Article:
Spirituality

What is spirituality ?

Spirituality is about having an awareness of something greater than ourselves - a sense of a certain presence perhaps - and engaging with it. 

With it comes greater self-awareness, and this may colour how we see ourselves, other people and the world around us. 

We may come to it in different ways - a sense of oneness with the natural world, or being overcome by awe on a starry night; being moved by music, or architecture; or through teachings, meditation, or an unexpected act of generosity.

We may respond in many ways - joy and elation expressed in music, dance or poetry, or alternatively quiet reflection and the desire to be intensely still and to listen, or to pray. Our response may include a new found respect and love for the environment and the world around us. We might also respond with anger or protest, or even a sense of suffering. 

At its core, spirituality inhabits the quieter, emotional areas of our minds, well away from noise, busy-ness and words, deep in our inner selves. This can be reached in different ways, such as music or the visual arts, a communal experience, a walk in the countryside. All these may be prayerful acts if they become part of our spirituality.

One particular form of spiritual practice often attracts special attention: the practise of meditation or contemplation, sometimes using mantras or the recitation of prayers. This type of activity aims to quieten the active mind, quell the busy-ness and allow us to nurture our spiritual selves - some would say to commune with or be open to God. 

What about Christian spirituality ?

Firstly, Christian spirituality gives a name to that greater presence, daring to call it 'God'. This is in many ways a big step. Naming something usually means taming or controlling it. The Jewish faith expressly forbids using God's name because it risks turning the unseen and powerful God into something we can treat like every other object in our experience. Christian teaching about God understands that risk but also understands the need for a framework within which the Good News of God's love can be communicated. 

So Christian spirituality engages with what Christian faith tells us about God, and in particular the teachings of Jesus, in order that we can begin to understand better how we may recognise God in our everyday lives and respond accordingly. The Lord's Prayer provides a template for practising prayer and deepening our spirituality. And yet the development of a deep spirituality also involves a realisation that, paradoxically, God, and our experience of God, is far greater than can be put into any form of words or teaching. We are changed because we know God, but can rarely find words to describe it. Our actions and changed behaviour will speak far more powerfully.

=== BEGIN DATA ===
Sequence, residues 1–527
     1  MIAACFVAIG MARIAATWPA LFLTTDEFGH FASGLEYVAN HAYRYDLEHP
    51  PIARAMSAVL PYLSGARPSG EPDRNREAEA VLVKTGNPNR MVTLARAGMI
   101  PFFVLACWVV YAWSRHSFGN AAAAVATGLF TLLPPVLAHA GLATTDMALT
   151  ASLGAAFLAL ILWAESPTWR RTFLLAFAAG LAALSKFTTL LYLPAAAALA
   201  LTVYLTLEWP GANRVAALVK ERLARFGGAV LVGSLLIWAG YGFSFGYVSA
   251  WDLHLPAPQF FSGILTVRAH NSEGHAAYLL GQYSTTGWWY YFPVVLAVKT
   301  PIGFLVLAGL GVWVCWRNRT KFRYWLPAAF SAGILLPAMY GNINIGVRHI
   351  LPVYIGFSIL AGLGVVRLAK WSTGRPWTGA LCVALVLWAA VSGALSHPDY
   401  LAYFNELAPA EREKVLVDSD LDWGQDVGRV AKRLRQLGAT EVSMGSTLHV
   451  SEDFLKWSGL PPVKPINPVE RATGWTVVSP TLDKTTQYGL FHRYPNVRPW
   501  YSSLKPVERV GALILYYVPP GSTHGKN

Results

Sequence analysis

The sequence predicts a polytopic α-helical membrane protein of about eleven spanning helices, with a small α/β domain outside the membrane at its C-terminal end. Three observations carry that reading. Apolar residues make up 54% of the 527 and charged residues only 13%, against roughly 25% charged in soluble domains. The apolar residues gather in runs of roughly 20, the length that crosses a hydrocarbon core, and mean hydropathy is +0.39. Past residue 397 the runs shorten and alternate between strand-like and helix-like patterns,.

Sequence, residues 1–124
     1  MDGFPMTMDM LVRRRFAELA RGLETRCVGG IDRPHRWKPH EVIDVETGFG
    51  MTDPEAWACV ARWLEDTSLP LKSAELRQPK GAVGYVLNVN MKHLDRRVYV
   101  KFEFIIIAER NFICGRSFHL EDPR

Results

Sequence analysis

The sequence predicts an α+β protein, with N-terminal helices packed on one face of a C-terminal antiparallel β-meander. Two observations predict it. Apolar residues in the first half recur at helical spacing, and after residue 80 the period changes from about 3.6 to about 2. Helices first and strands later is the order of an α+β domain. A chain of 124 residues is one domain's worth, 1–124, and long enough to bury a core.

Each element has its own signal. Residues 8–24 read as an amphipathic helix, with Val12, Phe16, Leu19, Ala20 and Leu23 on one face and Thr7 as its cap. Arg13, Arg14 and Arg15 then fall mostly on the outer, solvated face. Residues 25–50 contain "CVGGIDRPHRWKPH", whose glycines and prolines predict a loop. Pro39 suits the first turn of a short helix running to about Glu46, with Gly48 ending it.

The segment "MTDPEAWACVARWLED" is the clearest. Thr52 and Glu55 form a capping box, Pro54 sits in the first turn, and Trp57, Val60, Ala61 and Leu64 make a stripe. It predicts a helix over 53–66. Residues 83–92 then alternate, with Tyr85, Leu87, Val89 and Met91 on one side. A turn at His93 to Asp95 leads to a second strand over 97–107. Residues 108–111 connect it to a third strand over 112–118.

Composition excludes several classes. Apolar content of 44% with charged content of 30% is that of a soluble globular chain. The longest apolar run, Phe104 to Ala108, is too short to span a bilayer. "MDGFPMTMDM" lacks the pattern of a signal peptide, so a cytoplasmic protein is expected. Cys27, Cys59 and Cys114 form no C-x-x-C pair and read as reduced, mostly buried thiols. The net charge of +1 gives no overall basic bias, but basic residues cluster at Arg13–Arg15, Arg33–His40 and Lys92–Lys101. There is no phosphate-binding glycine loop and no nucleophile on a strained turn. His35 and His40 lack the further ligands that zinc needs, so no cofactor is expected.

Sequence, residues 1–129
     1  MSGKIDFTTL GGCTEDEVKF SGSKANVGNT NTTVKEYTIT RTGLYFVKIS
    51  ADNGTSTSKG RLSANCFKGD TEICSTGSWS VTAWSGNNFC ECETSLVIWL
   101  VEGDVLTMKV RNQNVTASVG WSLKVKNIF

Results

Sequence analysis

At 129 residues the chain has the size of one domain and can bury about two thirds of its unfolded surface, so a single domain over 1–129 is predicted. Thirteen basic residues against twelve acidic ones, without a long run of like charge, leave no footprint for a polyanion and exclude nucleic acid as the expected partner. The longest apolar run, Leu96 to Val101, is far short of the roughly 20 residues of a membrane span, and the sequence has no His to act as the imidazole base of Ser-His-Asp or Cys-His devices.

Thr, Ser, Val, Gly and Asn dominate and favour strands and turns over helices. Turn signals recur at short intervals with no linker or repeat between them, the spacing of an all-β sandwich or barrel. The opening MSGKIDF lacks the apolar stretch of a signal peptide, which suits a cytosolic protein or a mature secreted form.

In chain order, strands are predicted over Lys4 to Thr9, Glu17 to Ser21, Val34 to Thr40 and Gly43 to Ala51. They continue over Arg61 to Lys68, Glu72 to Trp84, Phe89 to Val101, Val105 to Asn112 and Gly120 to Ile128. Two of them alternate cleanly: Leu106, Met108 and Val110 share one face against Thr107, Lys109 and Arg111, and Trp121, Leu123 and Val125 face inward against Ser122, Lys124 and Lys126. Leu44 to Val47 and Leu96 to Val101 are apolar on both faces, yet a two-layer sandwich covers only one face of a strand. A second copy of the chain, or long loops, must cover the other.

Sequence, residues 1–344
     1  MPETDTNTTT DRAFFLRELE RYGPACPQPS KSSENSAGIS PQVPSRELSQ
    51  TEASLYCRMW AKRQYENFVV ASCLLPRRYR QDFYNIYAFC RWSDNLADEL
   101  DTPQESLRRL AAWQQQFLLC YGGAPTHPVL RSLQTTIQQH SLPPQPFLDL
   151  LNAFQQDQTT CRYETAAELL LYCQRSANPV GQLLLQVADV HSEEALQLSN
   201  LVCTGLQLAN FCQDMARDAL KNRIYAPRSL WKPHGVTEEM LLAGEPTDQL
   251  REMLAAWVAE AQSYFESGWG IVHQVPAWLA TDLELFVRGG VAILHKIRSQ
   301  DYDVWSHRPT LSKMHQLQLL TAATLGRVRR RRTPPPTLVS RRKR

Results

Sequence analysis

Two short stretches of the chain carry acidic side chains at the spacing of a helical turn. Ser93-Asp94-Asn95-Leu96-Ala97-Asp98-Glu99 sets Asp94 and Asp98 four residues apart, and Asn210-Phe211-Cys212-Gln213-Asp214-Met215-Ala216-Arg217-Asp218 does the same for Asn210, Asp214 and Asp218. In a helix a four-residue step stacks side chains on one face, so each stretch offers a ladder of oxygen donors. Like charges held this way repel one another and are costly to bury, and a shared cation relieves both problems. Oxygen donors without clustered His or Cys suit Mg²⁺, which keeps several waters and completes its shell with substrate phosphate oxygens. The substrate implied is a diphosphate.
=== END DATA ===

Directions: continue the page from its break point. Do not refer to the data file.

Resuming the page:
Christian spirituality will express itself in humility, in an awareness of one's failings and God's forgiveness, and in acts of generous and self-sacrificial love, care for others and care for the environment. It will also recognise such acts as the workings of God wherever it finds them, regardless of whether they are performed by someone claiming to be Christian. 

The monastic life - where Christians shut themselves away from the world to focus on prayer and spirituality - has sometimes been seen as something of a gold standard for Christian spirituality. In some Monastic Orders, the Daily Office - communal prayers every three hours through day and night - formed the structure within which the mind's activity could be calmed and spirituality could develop. These services consisted of a regular routine of sentences, singing or recitation of the Psalms and other texts such as Mary's song (the Magnificat), readings from the Bible and prayers.

Nowadays, a less intense rule - consisting of more or less formal but regular Morning and Evening Prayer - forms the basis for the spiritual life of many Christians, one that is practical and can be combined with daily life in the real world. Choral Evensong is descended from the monastic Office, and offers both an entry point to the spiritual life and a context where spirituality can grow.

Finally, as with any form of spirituality, Christian spirituality develops gradually - recognising and then accepting the call of God may take many years and maybe some false starts. Following Jesus was not meant to be easy, but is possibly the most truly rewarding thing there is in life.

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